Gennaro Mattiaccio's small private-eye business started out as many entrepreneurial ventures do: in his own home, with one business phone that didn't ring very much.
And although Richmond Group International, based in Woodbridge, grew steadily in its first four years, Mattiaccio knew his company needed a kick to compete.
Enter the Internet -- the instrument that put the "International" in the company's name. The company's embrace of the World Wide Web provides an object lesson in how the Internet is changing even the smallest service businesses in the Washington area.
RGI, as the company calls itself, was founded in 1992 by Mattiaccio. It provides a range of investigatory services, including employee background checks, asset searches and threat assessments.
Before the Net, the investigative firm's 12 to 13 clients, all based in Prince William County, consisted of small business owners who had caught a glimpse of a small ad in the Yellow Pages, had their hands on Mattiaccio's card or had heard about his business through word of mouth. The RGI work force consisted of about his business through word of mouth. The RGI work force consisted of Mattiaccio and his secretary. Annual revenue totaled about $45,000, he said. And most days were spent searching for customers.
But since Mattiaccio got a Web site in 1996, RGI's client roster has grown to "well over 100," he said. And the demographics have changed as well: Clients come from countries throughout the world, including Peru, Chile, Nigeria, China, Germany and Spain.
The staff has grown to nine full-time and six part-time employees in Woodbridge, and Mattiaccio is trying to hire up to 40 more. RGI has opened a Dallas office with four employees and is about to open another in Chicago with the same number.
Last year's revenue totaled more than $500,000, while the revenue from business brought in over the Internet is expected to exceed $240,000 this year, he said. And now most days are spent contacting -- mostly by e-mail -- investigators and clients around the world. The Web site costs RGI just $120 each quarter.
RGI's experience is one example of how the Internet is helping many small businesses by both expanding the universe of potential customers and providing new tools for conducting business at lower cost.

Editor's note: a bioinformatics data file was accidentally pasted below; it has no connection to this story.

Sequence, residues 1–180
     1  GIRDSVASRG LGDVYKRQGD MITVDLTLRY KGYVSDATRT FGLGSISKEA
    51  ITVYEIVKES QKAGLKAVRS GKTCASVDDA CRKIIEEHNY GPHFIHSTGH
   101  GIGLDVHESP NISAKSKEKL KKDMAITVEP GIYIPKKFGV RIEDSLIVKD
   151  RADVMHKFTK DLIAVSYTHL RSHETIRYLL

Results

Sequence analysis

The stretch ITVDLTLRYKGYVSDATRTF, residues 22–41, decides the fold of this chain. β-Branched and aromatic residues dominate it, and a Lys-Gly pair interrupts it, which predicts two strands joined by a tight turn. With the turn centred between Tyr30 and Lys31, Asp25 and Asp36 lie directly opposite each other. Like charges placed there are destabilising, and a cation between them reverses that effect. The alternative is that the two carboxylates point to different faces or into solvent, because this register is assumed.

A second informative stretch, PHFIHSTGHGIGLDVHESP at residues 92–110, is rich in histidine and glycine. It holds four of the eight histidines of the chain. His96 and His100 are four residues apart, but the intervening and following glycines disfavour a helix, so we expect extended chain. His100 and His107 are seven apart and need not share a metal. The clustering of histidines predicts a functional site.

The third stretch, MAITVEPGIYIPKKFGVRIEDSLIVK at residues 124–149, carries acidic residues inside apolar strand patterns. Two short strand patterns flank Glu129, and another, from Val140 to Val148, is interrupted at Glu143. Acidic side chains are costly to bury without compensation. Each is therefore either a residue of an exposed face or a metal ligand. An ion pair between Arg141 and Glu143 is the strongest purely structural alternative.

"I started the company not thinking beyond Prince William," said Mattiaccio, a former special agent with the Criminal Investigation Division of the Defense Department. "But I found that if you can't support clients in other areas, you can't compete."
Now, when someone surfs the Web using keywords such as "missing person," "background investigations" and "corporate security," among others, RGI's home page may appear. Mattiaccio said his Web site gets 20 to 30 hits per day.
"Before the Internet we served the local [county] and region. After, we're serving Paris, Japan, South Africa," he said.
For RGI, the Internet also serves as a powerful, efficient and low-cost means for conducting the various types of investigations the company offers.
For threat assessments against a company or high-level employee, for example, RGI often looks to the Internet chat rooms related to the corporation to see what is being said about the client. Often, RGI can develop leads and information about a company's products or personnel through a chat room or an online "water cooler" where employees openly talk about their company.
Sometimes, Mattiaccio said, a company's competitors use the Internet to disseminate negative information about a service or product, and again, RGI can easily investigate the information using the Internet.
RGI also is often asked to do background checks on job candidates for executive positions. On one recent assignment, portions of the investigation had to be conducted in Germany, Australia, Hong Kong and Poland.
On such projects, RGI can use the Internet to hire investigators in those countries to complete different parts of the background check -- interviewing references, reviewing police records or verifying resume information.
Mattiaccio said of the recent multinational assignment, "Without the Internet, we would not have been able to complete this investigation in the 30 days we were allotted."
Potential clients also can use the RGI Web site to inquire about the cost of the company's services. RGI then provides an estimate by e-mail.
Mattiaccio can complete entire cases without ever talking to the client. "I would hate to think what our phone bill would be" without the Internet, he said.
With the Internet, small companies are now able to cut expenses that might have drowned start-ups in the past, said Julian Lange, professor of entrepreneurship at Babson College in Boston, who studies the effect of the global computer network on small businesses and entrepreneurs.
Lange cites, for example, the ability for a small business to provide customer services on the Web site, such as answering frequently asked questions. "It just cuts costs in the long run for the smaller firm," he said.
"One of the things about the Internet: It's changing so dramatically, so quickly. Nobody knows for sure how it's all going to play out, but it gives a significant advantage to small companies," said Lange.
Mattiaccio agrees, and says about RGI's growth, "It would have been impossible without the Net."